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A Prairie Home Companion with Garrison Keillor

Café Boeuf script
Saturday, July 2, 2005
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Garrison Keillor: ...and now here is Peter Schickele with a word about the Café Boeuf.

Peter Schickele: I love the Café Boeuf because they don't waste your time with a whole long list of specials. You just come in and say what you want and then they bring you something else. Just like in real life. Bonjour, Andre!

Tim Russell: Eh? You're not sure about what?

PS: Never mind. Bring me a piece of beef, Andre.

TR: Aha. (FRENCH APPRECIATION) Beef, eh?

PS: I want beef. The flesh of the animal.

TR: Oui, monsieur.

PS: An animal who lived a rich and varied life, a life of freedom, who was struck down suddenly in its prime at a moment of passionate indiscretion.

TR: Excellent choice. (FRENCH CHUCKLING AS HE WRITES DOWN ORDER)

PS: I'd like it very rare, seared on the outside by a blinding flame and warm and red and pulsating on the inside.

TR: You are a brave man, monsieur. I salute you! (HE KISSES HIM TWICE ON EACH CHEEK) (FRENCH GIBBERISH, IN SALUTE) A boeuf, extra rare. France is proud of you. Here. A cigarette, monsieur.

PS: A cigarette?

TR: For flavor. For style. For the tragic sense of life. Here. (STRIKES MATCH, PS INHALES DEEPLY, EXHALES)

PS: Wow. That's my first cigarette in thirty years.

TR: It was good, no?

PS: I donno what my kids are going to think of me smoking—

TR: We do not live our lives according to the rules of children. Monsieur! We are men!!! (THREE FACE SLAPS)

PS: Thank you. I needed that.

TR: Pommes de terre, monsieur. Potatoes. How do you wish your potatoes?

PS: How about boiled?

TR: Boiled potatoes? is this a German restaurant? eh?? is my name Heinrich?? am I wearing lederhosen, my friend? is this a tuba in my hand??? is it???

PS: Sorry— sorry— No— I want my potatoes to be dug from the earth by barefoot women and washed in a cold mountain stream and then baked in a pit by snaggle-toothed crones muttering ancient incantations.

TR: Tres bien. (MUTTERING FRENCH, AS HE WRITES THIS DOWN) And a vegetable.

PS: Beans. French-style beans.

TR: Monsieur, the beans are French. It is not necessary to refer to them as French—

PS: Right.

TR: They already are French.

PS: Of course.

TR: The beans do not need your recognition in order to be French beans—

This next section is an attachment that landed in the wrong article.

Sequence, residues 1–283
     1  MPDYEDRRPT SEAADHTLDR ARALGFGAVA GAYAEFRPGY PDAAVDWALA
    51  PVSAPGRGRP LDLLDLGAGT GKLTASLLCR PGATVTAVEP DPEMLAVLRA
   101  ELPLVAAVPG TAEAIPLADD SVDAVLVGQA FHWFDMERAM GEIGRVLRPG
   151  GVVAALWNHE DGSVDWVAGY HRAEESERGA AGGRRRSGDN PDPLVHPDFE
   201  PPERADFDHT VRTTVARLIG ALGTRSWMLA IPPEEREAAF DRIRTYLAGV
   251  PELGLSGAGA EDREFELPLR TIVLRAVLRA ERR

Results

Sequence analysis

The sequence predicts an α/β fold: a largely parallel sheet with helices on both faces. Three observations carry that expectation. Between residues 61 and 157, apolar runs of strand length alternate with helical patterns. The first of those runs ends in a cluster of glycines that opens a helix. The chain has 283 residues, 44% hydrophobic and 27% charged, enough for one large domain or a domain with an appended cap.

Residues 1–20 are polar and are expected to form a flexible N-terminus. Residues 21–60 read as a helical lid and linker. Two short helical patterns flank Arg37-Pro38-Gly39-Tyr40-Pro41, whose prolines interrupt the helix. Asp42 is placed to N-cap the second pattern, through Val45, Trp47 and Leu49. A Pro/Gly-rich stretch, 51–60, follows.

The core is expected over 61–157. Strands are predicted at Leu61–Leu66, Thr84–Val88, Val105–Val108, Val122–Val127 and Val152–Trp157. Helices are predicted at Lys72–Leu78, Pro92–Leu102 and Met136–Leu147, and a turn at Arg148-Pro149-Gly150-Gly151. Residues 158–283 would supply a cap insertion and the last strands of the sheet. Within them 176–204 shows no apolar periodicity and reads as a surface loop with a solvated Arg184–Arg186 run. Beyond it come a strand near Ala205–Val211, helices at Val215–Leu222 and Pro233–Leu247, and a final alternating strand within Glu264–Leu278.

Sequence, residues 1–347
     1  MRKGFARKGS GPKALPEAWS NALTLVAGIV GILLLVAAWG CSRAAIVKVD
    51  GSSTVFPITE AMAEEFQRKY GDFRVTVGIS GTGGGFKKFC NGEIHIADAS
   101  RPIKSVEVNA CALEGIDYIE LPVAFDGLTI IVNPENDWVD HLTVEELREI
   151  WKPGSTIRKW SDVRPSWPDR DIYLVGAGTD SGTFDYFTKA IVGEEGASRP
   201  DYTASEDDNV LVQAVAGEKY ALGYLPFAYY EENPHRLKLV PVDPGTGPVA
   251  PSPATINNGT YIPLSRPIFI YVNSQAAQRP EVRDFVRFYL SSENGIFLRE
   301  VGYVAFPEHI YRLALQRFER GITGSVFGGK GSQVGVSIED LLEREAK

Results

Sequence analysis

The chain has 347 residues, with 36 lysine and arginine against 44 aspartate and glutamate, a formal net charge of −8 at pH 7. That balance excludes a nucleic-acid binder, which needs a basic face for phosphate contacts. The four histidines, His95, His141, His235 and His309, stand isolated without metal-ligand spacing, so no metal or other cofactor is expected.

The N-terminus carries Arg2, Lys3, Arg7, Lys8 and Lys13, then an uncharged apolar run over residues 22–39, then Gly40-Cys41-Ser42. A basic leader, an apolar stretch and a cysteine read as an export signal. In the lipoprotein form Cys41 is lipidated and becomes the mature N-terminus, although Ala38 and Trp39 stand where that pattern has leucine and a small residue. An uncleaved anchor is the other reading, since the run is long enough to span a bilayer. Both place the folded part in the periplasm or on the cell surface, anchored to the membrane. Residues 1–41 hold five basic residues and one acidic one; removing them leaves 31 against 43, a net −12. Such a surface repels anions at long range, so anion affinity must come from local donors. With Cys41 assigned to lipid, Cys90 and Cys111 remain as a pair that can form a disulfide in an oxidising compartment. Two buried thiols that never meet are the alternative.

PS: No.

TR: They are well aware of it themselves.

PS: I'm sure.

TR: And we do not say, "French-style" —

PS: No.

TR: If it is French, then of course it has style.

PS: Yes.

TR: The style is assumed.

PS: I'm sorry.

TR: I don't accept your apology, I wish satisfaction. En guarde. (PS & TR SWORD FIGHT, THRUSTS, PARRIES, TEN SECONDS, THEN.....) Enough!!! Tres bien!!! Good. I salute you, mon ami. (FOUR CHEEK KISSES) So you wish beans.

PS: Beans that are sensuous, irridescent, glittering with dew. Sliced and slashed with tremendous ferocity and carelessly tossed into a pool of butter sizzling in a saucepan and braised for mere seconds and then swiftly brought to the table, half raw, half scorched.

TR: Very good. (FRENCH MUTTERING, WRITING DOWN ORDER) And the wine?

PS: I don't care. A French wine.

TR: If you do not care, monsieur, I don't want you — go — (FRENCH DISMISSALS)

PS: No— (IN COUNTERPOINT TO FRENCH) I do care—I care deeply. — I must have it—

TR: Very well. What would you like?

PS: A red wine—

TR: Vin rouge—excellent. (FRENCH AESTHETIC PLEASURE)

PS: A Pomerol.

TR: Pomerol???? Non, non, non. Too— (DISMISSIVE FRENCH)

PS: A Merlot?

TR: A what?

PS: Never mind.

TR: You said, "Merlot"?

PS: I'm sorry.

TR: Is that the name of a detective?

PS: It just slipped out.

TR: Philip Merlot?

PS: How about a Chateaunneuf du Pape?

TR: Non, non, non....not with beef. It would insult the beef.

PS: A Zinfandel....

TR: A who?

PS: Never mind.

TR: Is that a composer?

PS: How about a Bordeaux?

TR: Aha. (FRENCH AETHETIC MUSCULARITY, MANLY SUPERLATIVES)

PS: A Bourdeaux it is, then. A 1988.

TR: 1988!!! (ECSTATIC FRENCH)

PS: From a little village in the mountains, on the dry side of the mountain, where the soil is stony and yet complex and subtle, and the grapes are crushed under the feet of mature women singing and clapping and dancing, and the wine is effusive and yet ironical, muscular but sensuous.

TR: (FOLLOWS HIM, WRITING IT DOWN IN FRENCH)— beautiful. I'll be right back.

PS: Andre?

TR: Oui, Monsieur Schickele?

PS: What are you actually going to bring me, Andre?

TR: I'll do my best for you, monsieur—

PS: What am I likely to actually get, Andre? The truth.

TR: Ground beef, broiled, on a bun. Some cheese. Pommes frite. And a Pinot Noir.

PS: Okay. I just wanted to know.

TR: You're not insulted?

PS: Hmmmm. Yes. I think I am. En garde!!!! (SWORDFIGHT, PS & TR THRUSTS AND PARRIES, UNDER.....)

GK: The Café Boeuf. Where they're passionate about food— and wise to the ways of the world (GK & PS & TR KNOWING FRENCH LAUGH) (PLAYOFF)

Old Sweet Songs: A Prairie Home Companion 1974-1976

Old Sweet Songs

Lovingly selected from the earliest archives of A Prairie Home Companion, this heirloom collection represents the music from earliest years of the now legendary show: 1974–1976. With songs and tunes from jazz pianist Butch Thompson, mandolin maestro Peter Ostroushko, Dakota Dave Hull and the first house band, The Powdermilk Biscuit Band (Adam Granger, Bob Douglas and Mary DuShane).

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